Shows like this need time to build buzz. It’s a lot different when you’re “A Strange Loop” that has a Pulitzer Prize, a cast album and an Off Broadway production. “A Slave Play” went directly from Off Broadway to Broadway. The buzz was already built in. Our disadvantage was that we didn’t go straight from Off Broadway to Broadway because of COVID. We had to build our buzz from the ground up, and it takes more than two weeks to do that. That’s why I’m asking for time to show that “Ain’t No Mo'” can exist.

What needs to happen to save the show?

It’s all about ticket sales and box office. We have a weekly cost, and we have to make a little bit more than that weekly cost in order to survive. Before, we weren’t making our weekly costs, but we’d only been open for a week. Now, in order to survive, we have to be at a certain point at the box office in order for it to make sense [to stay open].

Do you have a sense from producers whether ticket sales have changed in the last few days?

We have hope. This is possible. It looks like things might be coming together. We just need people to keep on coming out and supporting.

Since the pandemic, it’s been a tough time for almost every Broadway show. Even “Funny Girl” took months and a big casting change to heat up at the box office. Did the producers of “Ain’t No Mo'” budget to account for COVID-era challenges?

No, I don’t think we have the same grace as “Funny Girl.” I think that has a lot to do with the fact that we’re not recognizable names. We definitely need the same shot.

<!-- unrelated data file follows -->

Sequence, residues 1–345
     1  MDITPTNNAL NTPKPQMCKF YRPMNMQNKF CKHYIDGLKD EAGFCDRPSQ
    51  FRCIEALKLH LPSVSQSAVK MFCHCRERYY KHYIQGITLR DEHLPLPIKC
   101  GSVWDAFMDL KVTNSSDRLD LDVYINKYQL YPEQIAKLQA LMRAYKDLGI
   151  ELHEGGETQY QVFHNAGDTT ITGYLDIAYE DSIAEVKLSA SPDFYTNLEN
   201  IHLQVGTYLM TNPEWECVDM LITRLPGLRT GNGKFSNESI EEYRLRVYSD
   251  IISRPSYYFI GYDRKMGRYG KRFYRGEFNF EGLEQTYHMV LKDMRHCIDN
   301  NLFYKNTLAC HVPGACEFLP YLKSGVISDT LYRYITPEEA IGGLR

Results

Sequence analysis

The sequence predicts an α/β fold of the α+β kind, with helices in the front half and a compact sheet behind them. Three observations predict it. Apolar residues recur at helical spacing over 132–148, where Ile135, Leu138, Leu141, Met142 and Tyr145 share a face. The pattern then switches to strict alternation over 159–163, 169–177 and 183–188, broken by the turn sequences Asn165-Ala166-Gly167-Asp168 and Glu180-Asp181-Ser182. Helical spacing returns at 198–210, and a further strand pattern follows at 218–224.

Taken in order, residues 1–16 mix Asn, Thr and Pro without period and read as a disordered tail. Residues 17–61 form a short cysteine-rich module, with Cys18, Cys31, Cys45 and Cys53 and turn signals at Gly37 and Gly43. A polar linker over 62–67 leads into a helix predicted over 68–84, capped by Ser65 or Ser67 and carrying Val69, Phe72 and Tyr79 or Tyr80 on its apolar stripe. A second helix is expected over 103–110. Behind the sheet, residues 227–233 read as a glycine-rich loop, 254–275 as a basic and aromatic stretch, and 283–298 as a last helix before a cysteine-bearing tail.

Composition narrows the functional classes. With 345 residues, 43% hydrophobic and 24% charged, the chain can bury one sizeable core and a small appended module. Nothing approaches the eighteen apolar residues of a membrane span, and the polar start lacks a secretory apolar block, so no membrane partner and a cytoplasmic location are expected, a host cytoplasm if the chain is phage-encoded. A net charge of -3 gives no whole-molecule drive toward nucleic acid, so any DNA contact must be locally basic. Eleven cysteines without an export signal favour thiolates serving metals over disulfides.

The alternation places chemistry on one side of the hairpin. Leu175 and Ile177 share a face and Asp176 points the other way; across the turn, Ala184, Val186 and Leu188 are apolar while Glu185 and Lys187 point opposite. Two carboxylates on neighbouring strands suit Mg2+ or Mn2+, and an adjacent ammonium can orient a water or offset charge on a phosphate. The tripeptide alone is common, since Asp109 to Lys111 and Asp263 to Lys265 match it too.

Why hasn’t Broadway seen a play like “Ain’t No Mo'”?

I don’t think people thought it could work commercially when there’s no star. A lot of artists of color are used to having to paint a coat over their language so that is palatable to white audiences and Broadway audiences. I wrote it from a raw place, not necessarily thinking anyone would ever produce it. It feels to me like those old school comedy albums from Redd Foxx and Eddie Murphy, like, “Should I be saying this?” I wanted to bring that energy to Broadway and show it doesn’t always have to be palatable.

Are you worried the show’s abrupt closure will have a chilling effect on similarly ambitious and unconventional plays?

I am worried about that. That’s why I’m fighting. It’s not because of the material. It’s because of how everything was set up. The marketing wasn’t the best it could have been. And the timing hasn’t been exactly the best.

What has it been like to see support from Will Smith, Jada Pinkett Smith and Lena Waithe, who have been buying out performances?

It’s been amazing. It’s so beautiful to watch the community work. Seeing these people put their money where their mouth is overwhelmingly nice. We show up for each other, and it’s not doing it out of charity. No, actually this is some good shit.

“Ain’t No Mo'” encourages the audience to treat the show like church. What has the response in the theater been like for you?

Theater is like Sunday morning. This kind of show can be interactive. There’s been a lot of times where I will see Broadway shows, and I’m from South Texas… I’m loud already. When something hits my spirit, I’m going to have an audible response. I want to create a space where somebody like me could shout “Yes!” in the middle of a scene if they feel something in their spirit. I love it. That’s what theater is for. It’s not a museum piece. We’re not watching paint dry.